The winter of my discontent with reading material is over. I read “Sweetlings” by Lucy Taylor too fast the first time, but that’s just a sign of good horror. The second reading of this long form fiction nominee for the Bram Stoker Award was even better.
The world as we know it has already ended. Gone. Washed into the encroaching sea or submerged in inland lakes and swamps. Yet the transformation of the world is not over. Like a tide pool-stranded octopus, human existence on the remaining land is pretty dismal. Evolution seems to have kicked into high gear for all lifeforms, and the boundaries between the sea dwellers and the land dwellers is being erased.
We navigate this world through the eyes of Mir, a teenager who is among the first generation born after the inundation. She has adapted to the new world’s terms enough to keep going, sloughing off the old expectations imposed by civilization and adapting to the new world with the clear-eyed purpose of one who must eat or be eaten. Her mother is gone, having walked into the sea shortly before the story begins, and taking Mir’s baby brother with her. This is hardly remarkable in a settlement of survivors who disappear on a regular basis. Death is all around. All Mir has left is her father, a science teacher and amateur oceanographer, and her boyfriend Jersey, a teenager who has survived the demise of both his parents.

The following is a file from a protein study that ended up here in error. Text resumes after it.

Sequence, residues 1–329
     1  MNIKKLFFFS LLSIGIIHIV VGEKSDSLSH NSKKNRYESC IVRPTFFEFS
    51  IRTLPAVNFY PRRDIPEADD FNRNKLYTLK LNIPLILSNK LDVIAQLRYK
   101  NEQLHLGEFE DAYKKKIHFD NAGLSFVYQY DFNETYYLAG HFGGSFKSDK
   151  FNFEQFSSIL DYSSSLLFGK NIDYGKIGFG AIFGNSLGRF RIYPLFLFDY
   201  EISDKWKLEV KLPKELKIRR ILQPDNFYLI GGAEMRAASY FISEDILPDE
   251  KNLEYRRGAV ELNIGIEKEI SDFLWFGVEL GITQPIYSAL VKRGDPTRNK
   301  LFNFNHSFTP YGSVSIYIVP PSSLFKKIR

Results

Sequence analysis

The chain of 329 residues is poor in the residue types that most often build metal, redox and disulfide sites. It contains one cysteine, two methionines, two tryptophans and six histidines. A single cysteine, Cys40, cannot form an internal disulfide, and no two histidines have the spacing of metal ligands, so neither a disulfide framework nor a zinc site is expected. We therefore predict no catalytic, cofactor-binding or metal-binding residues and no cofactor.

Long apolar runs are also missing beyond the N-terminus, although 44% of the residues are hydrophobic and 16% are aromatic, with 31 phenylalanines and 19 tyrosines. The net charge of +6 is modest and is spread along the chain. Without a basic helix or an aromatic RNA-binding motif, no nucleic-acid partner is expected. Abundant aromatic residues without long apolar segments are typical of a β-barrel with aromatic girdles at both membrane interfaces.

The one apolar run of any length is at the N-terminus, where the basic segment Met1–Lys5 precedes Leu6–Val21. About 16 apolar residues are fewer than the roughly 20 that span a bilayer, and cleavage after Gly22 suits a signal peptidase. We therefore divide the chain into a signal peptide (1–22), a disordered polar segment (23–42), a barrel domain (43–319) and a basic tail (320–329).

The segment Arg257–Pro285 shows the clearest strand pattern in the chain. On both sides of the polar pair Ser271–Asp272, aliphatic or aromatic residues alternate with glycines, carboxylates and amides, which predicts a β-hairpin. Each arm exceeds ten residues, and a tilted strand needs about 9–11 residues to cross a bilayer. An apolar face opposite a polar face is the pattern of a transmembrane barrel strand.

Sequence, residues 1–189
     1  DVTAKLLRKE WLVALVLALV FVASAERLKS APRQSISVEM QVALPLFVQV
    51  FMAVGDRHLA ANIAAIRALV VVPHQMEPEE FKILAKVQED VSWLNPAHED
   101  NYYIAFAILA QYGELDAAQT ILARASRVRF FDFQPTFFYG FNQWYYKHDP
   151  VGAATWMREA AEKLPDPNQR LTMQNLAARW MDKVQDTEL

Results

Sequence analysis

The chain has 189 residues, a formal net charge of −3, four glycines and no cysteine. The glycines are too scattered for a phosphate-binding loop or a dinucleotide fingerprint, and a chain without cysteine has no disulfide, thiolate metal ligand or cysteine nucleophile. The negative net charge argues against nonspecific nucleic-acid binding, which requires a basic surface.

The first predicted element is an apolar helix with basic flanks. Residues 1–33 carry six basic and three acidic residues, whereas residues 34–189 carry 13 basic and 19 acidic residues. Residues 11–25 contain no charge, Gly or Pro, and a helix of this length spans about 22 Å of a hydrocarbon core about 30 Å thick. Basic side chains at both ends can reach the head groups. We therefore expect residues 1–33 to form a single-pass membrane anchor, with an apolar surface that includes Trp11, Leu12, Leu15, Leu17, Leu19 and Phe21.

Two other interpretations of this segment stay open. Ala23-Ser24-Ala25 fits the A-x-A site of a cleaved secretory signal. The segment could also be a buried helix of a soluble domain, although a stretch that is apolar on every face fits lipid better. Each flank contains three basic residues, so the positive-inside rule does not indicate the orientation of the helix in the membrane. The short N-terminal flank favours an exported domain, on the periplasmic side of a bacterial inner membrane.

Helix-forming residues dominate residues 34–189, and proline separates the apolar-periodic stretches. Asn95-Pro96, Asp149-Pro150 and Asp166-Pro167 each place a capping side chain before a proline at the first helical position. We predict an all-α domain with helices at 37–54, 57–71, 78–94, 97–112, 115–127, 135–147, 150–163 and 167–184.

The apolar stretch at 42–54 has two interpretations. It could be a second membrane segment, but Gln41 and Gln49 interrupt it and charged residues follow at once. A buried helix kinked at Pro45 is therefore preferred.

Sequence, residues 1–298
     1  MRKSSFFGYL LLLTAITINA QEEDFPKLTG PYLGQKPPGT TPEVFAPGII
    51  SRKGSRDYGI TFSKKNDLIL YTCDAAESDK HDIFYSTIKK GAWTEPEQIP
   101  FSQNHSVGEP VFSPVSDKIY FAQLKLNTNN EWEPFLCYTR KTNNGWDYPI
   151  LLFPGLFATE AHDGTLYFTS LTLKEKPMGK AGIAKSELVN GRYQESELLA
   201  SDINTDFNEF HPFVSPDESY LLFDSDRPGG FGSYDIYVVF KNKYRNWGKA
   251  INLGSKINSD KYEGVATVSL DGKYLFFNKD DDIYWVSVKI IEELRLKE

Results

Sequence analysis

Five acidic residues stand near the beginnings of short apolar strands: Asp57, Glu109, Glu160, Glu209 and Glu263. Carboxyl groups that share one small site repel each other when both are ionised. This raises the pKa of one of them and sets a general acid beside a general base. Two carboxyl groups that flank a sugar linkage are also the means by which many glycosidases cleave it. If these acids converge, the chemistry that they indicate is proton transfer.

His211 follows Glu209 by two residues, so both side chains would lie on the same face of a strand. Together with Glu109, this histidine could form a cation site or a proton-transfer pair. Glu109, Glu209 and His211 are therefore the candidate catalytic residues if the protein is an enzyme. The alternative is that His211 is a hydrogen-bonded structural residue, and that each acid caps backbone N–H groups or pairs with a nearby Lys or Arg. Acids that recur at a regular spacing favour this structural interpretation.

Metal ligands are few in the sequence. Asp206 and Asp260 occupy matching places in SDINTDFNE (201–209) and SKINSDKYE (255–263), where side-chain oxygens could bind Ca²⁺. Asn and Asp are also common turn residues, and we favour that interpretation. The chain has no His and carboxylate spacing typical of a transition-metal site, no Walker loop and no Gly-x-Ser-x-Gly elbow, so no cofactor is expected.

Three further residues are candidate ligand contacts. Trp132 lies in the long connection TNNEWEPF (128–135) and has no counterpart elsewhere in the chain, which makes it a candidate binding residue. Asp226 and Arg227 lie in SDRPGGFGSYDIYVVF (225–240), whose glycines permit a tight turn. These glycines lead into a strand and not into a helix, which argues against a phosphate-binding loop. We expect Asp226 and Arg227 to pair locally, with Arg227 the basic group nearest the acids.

The touching gestures of attraction between Mir and Jersey are very well written–realistic without compromising the scope of the story to dawdle too long over young adult romance. As the scales tip toward the sea dwellers a little faster than Mir and Jersey are ready for, they strike out for the west and the promise of higher and drier land. Continue reading